A Conversation on National Security Leadership with Marc Thiessen

Thursday, Feb 23, 2017   |   12:15pm - 1:45pm   |  SRH 3.124

The Intelligence Studies Project, along with the Strauss and Clements Centers, hosted Marc Thiessen on February 23 for a lunchtime talk. Marc Thiessen is an AEI Foreign and Defense Policy Scholar, and formerly served as Chief Speechwriter to President George W. Bush and Secretary of Defense Donald Rumsfeld. He is the author of Courting Disaster: How the CIA Kept America Safe and How Obama is Inviting the Next Attack.

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Marc Thiessen worked closely with ISP Director Steve Slick in the George W. Bush administration – Mr. Thiessen as a speechwriter and Director Slick as an intel officer. To kick off his talk, Mr. Thiessen discussed how this collaboration came to be, as it had been unprecedented. Mr. Thiessen explained how President Bush’s approach to intelligence was that he really wanted the American people to understand what was happening with the War on Terror. So much so that the President specifically requested that the Intelligence Community and the speechwriters work together to craft informational speeches to keep the American people abreast to the War on Terror.

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In addition to his time as a speechwriter for President Bush, Mr. Thiessen also wrote for Secretary of Defense Donald Rumsfeld. Mr. Thiessen told the audience about his experience on September 11, 2001, when he was present in the Pentagon as it was attacked. Shortly after the attacks on 9/11, Mr. Thiessen was traveling around the world with Secretary Rumsfeld, visiting sites in Afghanistan to understand the war that had just begun.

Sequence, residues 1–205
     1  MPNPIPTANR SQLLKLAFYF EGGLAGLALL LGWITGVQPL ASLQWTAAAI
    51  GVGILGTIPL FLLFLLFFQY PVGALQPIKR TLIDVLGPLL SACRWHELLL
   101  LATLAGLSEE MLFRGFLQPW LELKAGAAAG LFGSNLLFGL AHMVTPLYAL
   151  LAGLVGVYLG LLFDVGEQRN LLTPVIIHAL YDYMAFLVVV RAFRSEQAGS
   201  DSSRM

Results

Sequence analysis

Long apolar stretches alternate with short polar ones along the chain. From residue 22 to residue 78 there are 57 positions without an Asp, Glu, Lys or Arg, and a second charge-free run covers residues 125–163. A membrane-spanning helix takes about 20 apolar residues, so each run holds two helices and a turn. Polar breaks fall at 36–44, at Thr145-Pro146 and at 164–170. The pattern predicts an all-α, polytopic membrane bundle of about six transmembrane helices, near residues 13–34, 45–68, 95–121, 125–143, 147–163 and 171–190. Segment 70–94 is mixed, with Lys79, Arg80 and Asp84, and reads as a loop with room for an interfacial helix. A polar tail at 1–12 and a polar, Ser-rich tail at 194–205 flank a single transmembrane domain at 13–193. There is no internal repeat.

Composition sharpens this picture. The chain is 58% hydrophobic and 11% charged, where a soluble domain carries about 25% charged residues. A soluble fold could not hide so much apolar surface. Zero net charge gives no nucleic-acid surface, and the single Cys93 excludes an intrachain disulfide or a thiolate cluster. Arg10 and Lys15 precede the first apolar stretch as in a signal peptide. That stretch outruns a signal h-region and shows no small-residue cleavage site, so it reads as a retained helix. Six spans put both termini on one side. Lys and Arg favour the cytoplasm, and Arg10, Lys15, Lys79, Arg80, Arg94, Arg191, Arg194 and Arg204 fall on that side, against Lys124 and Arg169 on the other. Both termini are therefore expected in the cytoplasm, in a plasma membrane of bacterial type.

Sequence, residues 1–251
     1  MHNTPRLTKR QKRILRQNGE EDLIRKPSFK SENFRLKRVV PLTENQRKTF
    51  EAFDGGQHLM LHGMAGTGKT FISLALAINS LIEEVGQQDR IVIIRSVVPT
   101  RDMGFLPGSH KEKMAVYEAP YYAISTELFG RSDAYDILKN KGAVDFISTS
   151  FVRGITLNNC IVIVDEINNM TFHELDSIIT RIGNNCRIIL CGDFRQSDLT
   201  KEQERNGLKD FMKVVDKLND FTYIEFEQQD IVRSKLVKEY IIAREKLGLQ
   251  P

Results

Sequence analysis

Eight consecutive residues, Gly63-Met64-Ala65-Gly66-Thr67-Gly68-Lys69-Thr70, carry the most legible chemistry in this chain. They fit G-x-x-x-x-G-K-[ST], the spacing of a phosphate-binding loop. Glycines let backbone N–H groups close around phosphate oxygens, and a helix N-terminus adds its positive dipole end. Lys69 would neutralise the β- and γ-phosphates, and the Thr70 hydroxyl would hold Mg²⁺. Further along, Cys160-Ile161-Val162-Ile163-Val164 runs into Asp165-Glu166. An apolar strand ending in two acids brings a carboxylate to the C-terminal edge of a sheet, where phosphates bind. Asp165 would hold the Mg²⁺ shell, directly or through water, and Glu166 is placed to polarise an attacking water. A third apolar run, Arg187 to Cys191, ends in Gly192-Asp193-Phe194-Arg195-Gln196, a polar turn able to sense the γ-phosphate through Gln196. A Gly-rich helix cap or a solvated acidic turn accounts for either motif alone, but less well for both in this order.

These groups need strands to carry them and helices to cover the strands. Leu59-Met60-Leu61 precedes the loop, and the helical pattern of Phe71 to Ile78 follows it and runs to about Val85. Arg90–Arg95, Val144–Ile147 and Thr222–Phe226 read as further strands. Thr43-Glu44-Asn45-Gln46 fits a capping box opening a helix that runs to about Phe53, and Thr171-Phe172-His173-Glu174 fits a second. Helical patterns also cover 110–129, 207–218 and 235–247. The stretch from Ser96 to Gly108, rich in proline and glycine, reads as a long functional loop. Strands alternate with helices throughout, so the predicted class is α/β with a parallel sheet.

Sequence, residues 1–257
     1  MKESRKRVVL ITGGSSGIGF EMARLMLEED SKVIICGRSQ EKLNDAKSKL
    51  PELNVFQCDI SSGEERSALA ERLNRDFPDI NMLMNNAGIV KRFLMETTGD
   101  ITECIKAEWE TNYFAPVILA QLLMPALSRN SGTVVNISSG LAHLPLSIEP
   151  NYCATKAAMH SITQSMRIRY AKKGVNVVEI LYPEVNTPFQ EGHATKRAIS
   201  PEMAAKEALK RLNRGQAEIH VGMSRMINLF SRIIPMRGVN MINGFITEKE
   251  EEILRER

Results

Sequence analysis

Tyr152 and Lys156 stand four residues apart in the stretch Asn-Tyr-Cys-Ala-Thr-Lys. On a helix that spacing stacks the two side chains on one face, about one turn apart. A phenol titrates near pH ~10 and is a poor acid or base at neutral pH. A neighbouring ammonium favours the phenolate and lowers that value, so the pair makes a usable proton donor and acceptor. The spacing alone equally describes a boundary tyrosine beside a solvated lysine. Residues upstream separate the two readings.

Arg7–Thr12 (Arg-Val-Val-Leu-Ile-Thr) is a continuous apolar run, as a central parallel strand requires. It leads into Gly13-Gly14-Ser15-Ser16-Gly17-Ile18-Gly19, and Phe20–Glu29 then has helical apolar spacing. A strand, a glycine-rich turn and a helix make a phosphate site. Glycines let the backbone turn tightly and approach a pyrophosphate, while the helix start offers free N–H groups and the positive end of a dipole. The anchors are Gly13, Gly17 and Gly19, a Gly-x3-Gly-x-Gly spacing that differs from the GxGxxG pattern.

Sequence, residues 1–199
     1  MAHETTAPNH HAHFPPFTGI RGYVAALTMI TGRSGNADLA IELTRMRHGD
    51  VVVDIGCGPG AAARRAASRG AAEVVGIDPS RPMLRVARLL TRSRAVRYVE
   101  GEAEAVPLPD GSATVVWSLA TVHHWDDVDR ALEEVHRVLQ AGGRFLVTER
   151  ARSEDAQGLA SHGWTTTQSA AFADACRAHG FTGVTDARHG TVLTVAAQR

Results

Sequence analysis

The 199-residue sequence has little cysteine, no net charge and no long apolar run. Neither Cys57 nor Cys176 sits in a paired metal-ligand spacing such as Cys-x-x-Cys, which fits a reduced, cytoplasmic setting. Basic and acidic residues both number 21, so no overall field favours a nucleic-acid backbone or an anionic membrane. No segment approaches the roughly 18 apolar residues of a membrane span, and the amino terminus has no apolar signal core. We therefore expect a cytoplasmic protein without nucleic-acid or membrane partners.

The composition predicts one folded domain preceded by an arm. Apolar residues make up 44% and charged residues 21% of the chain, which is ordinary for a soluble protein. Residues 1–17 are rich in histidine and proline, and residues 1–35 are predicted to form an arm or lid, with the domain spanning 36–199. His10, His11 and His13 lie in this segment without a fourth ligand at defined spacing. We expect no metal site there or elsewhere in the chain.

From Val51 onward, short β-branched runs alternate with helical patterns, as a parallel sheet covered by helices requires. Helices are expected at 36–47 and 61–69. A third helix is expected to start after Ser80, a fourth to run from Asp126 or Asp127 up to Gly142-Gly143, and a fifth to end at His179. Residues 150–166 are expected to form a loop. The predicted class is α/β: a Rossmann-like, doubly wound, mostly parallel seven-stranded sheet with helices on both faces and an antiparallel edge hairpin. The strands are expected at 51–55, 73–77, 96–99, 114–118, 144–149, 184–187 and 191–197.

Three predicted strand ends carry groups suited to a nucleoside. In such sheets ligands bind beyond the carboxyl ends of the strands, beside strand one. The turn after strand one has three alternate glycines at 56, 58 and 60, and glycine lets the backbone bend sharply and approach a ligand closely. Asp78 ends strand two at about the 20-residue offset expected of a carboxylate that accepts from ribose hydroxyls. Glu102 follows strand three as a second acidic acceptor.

Based on his previous experiences in the Bush administration, Mr. Thiessen has spent the years since further developing his knowledge on foreign and defense policy. Now housed at the American Enterprise Institute, Mr. Thiessen also writes for several online outlets such as The Washington Post. He also has authored his own book, which, as he explained, digs deeply into some of the issues to arise out of the Iraq War.

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Mr. Thiessen also discussed some of his biggest areas of concern in national security and defense in the coming years. The main dangers he mentioned all start with one point: what will a Commander-in-Chief with very little experience do when faced with leading America into large world conflicts that cannot possibly be anticipated today?

The possibilities for new or resurging conflicts are endless, and current and former national security scholars and officials are all asking what the new president will do in the face of unprecedented knowns, known unknowns, and, most disconcerting, unknown unknowns. Mr. Thiessen commented that the US Government’s feckless response to terror in the last eight years has likely emboldened other actors around the world – some of which we cannot even identify yet.

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Mr. Thiessen spent the last thirty minutes of his talk addressing some of the audience questions. One of which was quite simple, but possibly the most difficult to answer: how do we define victory in this war? Mr. Thiessen explained how complicated answering this question truly is. The War on Terror, or the War on Radical Islamism, is not against any one nation-state, and there is not a precedent set for how to truly win a war like this. Victory, Mr. Thiessen remarked, will only occur when there are no longer any safe havens, anywhere in the world, from which terrorists can plan attacks on the United States.

More photos of the event are available here.

Marc Thiessen is a writer and commentator whose work has appeared in dozens of leading publications, including the Washington Post, Wall Street Journal, Los Angeles Times, USA Today, Foreign Policy, Weekly Standard, National Review, New York Post, and Cigar Aficionado. He is a Visiting Fellow at the Hoover Institution, and appears regularly on Fox News, CNN, the BBC, C-SPAN, and talk radio.

Mr. Thiessen is a graduate of Vassar College, and completed additional post-graduate studies at the Naval War College. He is a life member of the Council on Foreign Relations, and in 2004 was awarded the Pentagon’s highest civilian honor: The Department of Defense Medal for Distinguished Public Service.